What is the best way to hook up a two wire variable resistor to an ADC?
How would you make a log curve linear mathematically?
I was about to tell you, but I need more than the three points of resistance vs temperature you posted...
 

MikeMl

Well-Known Member
Most Helpful Member
#8
Shows the thermal response of the TO92 package for a step change in temperature. (dunking the sensor in the oil bath). Stirred oil conducts heat well, so they are measuring how long it takes the internal die to heat up through the plastic walls...

Post # 8000
 

ClydeCrashKop

Well-Known Member
Most Helpful Member
Thread starter #9
Give me a table of resistance vs temperature (at least every 10 degF) and I will suggest a resistor network to put around the sender to better linearize it.
I will need to find an uninterrupted hour to do that.
 

ClydeCrashKop

Well-Known Member
Most Helpful Member
Thread starter #10
I was searching around the Mathematics and Physics section.
I found some interesting info and this post.
A good example of logarithms is the stock market. It has typically grown 10% per annum. Plot this on a linear scale and you get an exponential graph. Plot on a logarithmic scale and it's a straight line. When it varies from the logarithmic line you should worry.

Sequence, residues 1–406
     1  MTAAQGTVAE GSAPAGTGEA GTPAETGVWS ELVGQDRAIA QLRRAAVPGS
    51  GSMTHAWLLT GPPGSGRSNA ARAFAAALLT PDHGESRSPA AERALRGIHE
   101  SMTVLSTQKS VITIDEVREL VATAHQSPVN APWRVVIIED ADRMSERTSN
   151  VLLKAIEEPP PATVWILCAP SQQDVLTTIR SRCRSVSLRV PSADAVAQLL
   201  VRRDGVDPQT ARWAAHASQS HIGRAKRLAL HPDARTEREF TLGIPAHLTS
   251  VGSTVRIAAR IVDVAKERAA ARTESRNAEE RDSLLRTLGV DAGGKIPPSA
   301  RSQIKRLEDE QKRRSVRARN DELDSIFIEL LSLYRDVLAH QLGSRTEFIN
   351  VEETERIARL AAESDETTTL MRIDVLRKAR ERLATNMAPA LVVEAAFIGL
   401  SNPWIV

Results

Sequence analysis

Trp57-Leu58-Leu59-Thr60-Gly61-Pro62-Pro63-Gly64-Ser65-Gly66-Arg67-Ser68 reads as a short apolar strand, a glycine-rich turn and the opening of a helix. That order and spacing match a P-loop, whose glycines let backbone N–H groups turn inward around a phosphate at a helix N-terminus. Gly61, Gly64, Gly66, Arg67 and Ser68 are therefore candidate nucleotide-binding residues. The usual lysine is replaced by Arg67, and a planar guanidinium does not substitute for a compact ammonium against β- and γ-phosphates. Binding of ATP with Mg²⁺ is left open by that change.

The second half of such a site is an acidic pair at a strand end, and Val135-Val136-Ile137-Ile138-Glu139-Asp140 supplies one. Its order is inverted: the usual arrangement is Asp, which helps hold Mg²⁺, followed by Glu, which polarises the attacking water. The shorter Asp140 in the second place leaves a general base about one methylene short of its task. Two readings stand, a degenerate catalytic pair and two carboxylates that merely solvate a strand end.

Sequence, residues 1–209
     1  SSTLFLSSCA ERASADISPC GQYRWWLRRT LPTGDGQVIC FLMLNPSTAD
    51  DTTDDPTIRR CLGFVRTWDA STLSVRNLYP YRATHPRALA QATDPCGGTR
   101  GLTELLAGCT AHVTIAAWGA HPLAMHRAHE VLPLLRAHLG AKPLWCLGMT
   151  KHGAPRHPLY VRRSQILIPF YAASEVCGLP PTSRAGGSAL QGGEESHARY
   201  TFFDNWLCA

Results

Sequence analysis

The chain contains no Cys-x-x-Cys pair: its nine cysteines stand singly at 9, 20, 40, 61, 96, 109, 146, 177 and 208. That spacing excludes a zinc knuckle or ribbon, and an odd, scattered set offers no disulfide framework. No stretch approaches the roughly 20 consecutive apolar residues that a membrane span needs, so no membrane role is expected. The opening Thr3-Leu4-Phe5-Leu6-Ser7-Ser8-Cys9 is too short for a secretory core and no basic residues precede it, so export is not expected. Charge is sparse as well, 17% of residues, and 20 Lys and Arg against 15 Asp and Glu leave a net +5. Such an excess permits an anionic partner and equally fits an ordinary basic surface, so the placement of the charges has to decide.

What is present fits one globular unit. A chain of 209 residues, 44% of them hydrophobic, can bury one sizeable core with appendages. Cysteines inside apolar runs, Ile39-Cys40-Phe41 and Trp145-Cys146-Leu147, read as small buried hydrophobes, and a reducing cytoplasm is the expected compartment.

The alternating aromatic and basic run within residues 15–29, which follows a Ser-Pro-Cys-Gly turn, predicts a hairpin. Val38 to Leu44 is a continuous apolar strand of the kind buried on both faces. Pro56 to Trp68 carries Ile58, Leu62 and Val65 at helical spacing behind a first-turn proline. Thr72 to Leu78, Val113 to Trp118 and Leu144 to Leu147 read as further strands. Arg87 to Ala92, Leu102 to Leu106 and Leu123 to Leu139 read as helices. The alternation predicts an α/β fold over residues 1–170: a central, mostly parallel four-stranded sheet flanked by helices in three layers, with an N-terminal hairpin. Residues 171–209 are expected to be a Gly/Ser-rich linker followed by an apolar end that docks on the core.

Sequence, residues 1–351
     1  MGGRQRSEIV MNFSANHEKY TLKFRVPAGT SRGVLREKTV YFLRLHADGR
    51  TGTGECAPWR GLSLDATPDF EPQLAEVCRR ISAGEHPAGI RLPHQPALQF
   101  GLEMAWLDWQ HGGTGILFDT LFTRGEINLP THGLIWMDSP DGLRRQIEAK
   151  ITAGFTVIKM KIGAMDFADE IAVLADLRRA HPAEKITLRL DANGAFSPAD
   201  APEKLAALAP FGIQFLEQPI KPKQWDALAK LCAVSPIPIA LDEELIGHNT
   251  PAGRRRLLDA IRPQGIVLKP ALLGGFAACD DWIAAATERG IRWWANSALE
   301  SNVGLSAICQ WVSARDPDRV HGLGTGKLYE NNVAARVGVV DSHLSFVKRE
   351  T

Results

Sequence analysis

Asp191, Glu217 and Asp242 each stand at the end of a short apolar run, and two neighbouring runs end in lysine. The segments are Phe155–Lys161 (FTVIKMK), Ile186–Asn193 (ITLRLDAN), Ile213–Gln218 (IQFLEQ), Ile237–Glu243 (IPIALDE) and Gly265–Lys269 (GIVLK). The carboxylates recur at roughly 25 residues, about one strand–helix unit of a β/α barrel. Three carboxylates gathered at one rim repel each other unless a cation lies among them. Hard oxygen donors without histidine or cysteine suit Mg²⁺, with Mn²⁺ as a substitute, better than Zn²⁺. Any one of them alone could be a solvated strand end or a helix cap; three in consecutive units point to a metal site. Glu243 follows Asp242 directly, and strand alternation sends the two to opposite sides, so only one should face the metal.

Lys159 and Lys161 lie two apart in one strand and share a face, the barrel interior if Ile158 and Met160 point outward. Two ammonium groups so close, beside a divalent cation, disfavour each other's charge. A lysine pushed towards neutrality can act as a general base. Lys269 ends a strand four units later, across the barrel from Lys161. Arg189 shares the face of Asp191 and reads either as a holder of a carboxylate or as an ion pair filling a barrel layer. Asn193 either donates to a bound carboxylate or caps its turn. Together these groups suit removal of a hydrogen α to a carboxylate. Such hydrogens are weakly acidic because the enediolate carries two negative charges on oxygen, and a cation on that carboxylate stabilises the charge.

Mike.
That sounds like what I need.
 

MikeMl

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Most Helpful Member
#11

ClydeCrashKop

Well-Known Member
Most Helpful Member
Thread starter #12
Thanks Mike.
Those links will take some studying.
It does look like my graph.

Termister calculator.jpg
 

ClydeCrashKop

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Most Helpful Member
Thread starter #13
These are the ohm readings of the thermistor.
If I just get a window, I won't need more than 100 degrees and down to 50 or 60 is good.

Code:
F  Ohms
30 6000
35 5200
40 4500
45 4000
50 3600
55 3200
60 2850
65 2500
70 2200
75 2000
80 1850
85 1650
90 1500
95 1350
100 1200
105 1080
110 944
115 870
120 794
125 720
130 650
135 590
140 538
145 520
150 500
155 460
160 400
165 360
170 340
175 330
180 320
185 300
190 274
195 250
200 232
205 220
210 176
temp resistance.jpg
 

languer

Active Member
#14
If all you need is from 50 to 100 degF, it may be easier to split the readings in two. One linear equation for anything between 50 and 70, and one linear equation for anything between 70 and 100.
 

MikeMl

Well-Known Member
Most Helpful Member
#15
Put the following two resistors around the thermistor, and the output will be quite linear between 50 and 150 deg F.

lin.jpg

Linp.jpg
 
Last edited:

ClydeCrashKop

Well-Known Member
Most Helpful Member
Thread starter #16
That’s a good idea languer.
Thanks a lot Mike. I appreciate it.
It sounds like you have done that often.
 

ClydeCrashKop

Well-Known Member
Most Helpful Member
Thread starter #17
So far, ADC readings / 3.8 - 30 looks pretty good.

Close graph.jpg